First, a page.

Shakespeare has reassured us in Hamlet that ‘character is destiny’ but it is not always as is written in the books. Colour of skin and geographical origins also shape one’s destiny...
Shakespeare has reassured us in Hamlet that ‘character is destiny’ but it is not always as is written in the books. Colour of skin and geographical origins also shape one’s destiny to a larger extent. Have a glance at the armies of domestic help, a glorified term for modern slaves in Pakistani context, that mill towards swanky mansions in Islamabad in the morning and melt into the shadows on the edges of the city in the evening, and you will find some striking similarities. You will find that much of the most of them are malnourished, their jaundiced yellow eyes floating on their dark, damp and oily faces, their hands and feet giving out the dirt they have been in through the day and their clothes frayed and fading. These are men, women and children from southern Punjab and they have one blanket term for identification — Massali.
They are a ubiquitous sight at construction sites, brick kilns, auto workshops, bus stops as well as crime scenes. In all big cities, they are caught for petty crimes and languish in jails for long time because of poverty. They are rivalled only by Afghan refugees of whom the authorities have religiously tried to purge the federal capital of, wiping off their settlements and making sure that they do not return. There are a lot of national and international organizations working for improving the lot of these refugees and the people living in war-hit areas bordering Afghanistan.
But unfortunately, there is little such activism for the dark-skinned labourers of southern Punjab. I have spent two decades in Lahore and Islamabad and in these two decades I have understood that these big cities are incomplete without their servants. But hope always rekindles and I have always been encouraged to talk to educated youth from southern Punjab who are struggling to turn the fate of the poor of their area.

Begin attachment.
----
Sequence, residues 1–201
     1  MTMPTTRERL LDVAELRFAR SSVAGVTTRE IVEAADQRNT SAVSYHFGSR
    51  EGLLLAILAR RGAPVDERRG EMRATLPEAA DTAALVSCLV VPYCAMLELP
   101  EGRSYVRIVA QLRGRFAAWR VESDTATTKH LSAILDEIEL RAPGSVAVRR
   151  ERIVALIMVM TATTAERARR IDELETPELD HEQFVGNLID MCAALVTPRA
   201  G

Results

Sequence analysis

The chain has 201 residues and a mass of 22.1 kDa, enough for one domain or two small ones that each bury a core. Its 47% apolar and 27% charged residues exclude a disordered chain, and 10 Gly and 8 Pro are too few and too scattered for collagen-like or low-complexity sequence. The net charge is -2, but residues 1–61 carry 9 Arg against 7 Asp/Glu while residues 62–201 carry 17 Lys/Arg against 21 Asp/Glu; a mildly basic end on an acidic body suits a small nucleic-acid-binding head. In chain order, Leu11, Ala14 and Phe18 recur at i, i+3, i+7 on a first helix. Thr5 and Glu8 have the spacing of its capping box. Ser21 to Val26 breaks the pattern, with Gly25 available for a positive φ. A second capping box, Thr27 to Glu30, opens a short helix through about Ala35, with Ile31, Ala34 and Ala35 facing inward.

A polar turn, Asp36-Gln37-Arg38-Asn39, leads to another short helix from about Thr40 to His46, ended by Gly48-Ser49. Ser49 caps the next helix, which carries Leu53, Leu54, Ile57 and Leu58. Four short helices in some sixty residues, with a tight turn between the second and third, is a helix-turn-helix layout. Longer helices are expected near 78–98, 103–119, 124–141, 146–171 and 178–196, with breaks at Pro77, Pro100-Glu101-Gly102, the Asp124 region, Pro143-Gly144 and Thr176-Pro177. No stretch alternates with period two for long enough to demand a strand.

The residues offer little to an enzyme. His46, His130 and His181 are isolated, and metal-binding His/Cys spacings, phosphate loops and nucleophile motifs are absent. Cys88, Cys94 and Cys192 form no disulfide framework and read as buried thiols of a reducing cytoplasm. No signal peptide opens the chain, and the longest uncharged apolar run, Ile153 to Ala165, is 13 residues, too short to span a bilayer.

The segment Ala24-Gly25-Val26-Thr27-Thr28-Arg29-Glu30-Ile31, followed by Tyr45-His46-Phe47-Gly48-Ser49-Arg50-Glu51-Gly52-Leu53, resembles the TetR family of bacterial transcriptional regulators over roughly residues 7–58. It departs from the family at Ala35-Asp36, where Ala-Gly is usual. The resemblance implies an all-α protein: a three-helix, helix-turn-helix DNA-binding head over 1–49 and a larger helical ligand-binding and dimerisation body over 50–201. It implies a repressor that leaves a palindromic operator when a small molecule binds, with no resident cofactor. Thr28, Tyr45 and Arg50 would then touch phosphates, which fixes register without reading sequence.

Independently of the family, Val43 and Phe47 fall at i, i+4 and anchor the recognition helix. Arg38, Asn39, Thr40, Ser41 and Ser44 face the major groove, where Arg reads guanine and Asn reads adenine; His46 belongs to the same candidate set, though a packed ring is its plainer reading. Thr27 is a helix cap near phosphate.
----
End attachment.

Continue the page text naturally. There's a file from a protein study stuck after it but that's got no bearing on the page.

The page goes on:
Recent encounter with Mr. Chaudhry Sultan, Mr. Sattar Baloch and Mr. Tahir Buzdar has once again given me a reason to believe that one day these armies of servants with jaundiced yellow eyes and dark faces will change their fate. The three guys have been working hard to establish a university in Alipur tehsil where poor people can get admission in. Education is a thriving business in this area, which is at the centre of the southern Punjab, but these guys want to make a difference. Over the years, they have met heads of many public sector universities, who are willing to open their campuses in Alipur but due to officialdom they cannot afford to lower fees which the people of this neglected area can afford. They have met failure upon failure but never gave up.
Mr. Chaudhry Sultan told me that they have met leaders of all political parties to pursue their dream of opening a university but none has given them as positive response as Punjab Chief Minister Usman Khan Buzdar. He said the CM is well aware of the needs of this region and has a vision to lay down a network of educational institutions there. Mr. Tahir Buzdar says that their journey will not end with setting up of one university. “We will then go to set up a medical college in Uch Sharif,” he said. Sattar Baloch is the brain behind this movement and he talks less and works more. But he talks well whenever he does. They have recently met the CM in his office and are satisfied that he will help them find an out-of-the-box solution.
At the same time, international organisations can play their part if they are interested in going beyond making documentaries on slums of Islamabad. They have to go to the head of the snake to fix the problem for a longer duration. — Hassan Shehzad